Multiple Czech films have become popular not only in our country but also abroad. This is especially true in the case of many Czech movies originating from the directors who belonged to the Czechoslovakian “New Wave” in 1960s. This filmmaking movement provided a fresh outlook on the world around us and its creators weren’t afraid to stir the still waters of Czechoslovakian cinematography. One of the most popular films of the era is the film Ostře sledované vlaky, known abroad by its English title Closely Watched Trains. Jiří Menzel directed the film and he chose the highly successful short book of the same name (written by Bohumil Hrabal) as his source material.
Closely Watched Trains is the first one of only two Czech films which had ever won an Oscar (the second one is Kolja from 1996). The film’s worldwide premiered took place in October 1966 at an international film festival in Germany. Many people saw the film, only in Czechoslovakia more than 2 million people visited the cinemas to watch it. After the communistic reign gained hold once more, Closely Watched Trains were forbidden for the following 20 years.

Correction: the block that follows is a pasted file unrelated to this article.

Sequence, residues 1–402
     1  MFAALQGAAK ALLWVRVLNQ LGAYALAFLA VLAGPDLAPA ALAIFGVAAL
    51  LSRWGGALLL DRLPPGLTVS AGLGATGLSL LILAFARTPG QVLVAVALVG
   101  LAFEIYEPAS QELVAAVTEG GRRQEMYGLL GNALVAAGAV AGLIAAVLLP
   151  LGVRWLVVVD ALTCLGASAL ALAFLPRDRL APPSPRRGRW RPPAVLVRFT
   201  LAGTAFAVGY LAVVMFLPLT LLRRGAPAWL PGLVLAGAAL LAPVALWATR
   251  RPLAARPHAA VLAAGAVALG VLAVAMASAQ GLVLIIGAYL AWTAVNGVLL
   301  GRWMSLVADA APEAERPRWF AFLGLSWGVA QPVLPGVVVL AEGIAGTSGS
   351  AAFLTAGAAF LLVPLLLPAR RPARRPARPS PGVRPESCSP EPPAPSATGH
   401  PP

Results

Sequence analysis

However, the communistic ban didn’t diminish the film’s success abroad, and not only in Germany. Besides the film’s Oscar nomination and subsequent victory, the United States also acknowledged Closely Watched Trains in a few different ways. For example, the popular American Time magazine included this film in its list of the one hundred best films ever made. What’s more, the New York Times critics even selected the film as one of the best 10 films of 1967. So even though it takes place in a Czech environment, it spoke to the world thanks to its portrayal of absurdities of everyday life.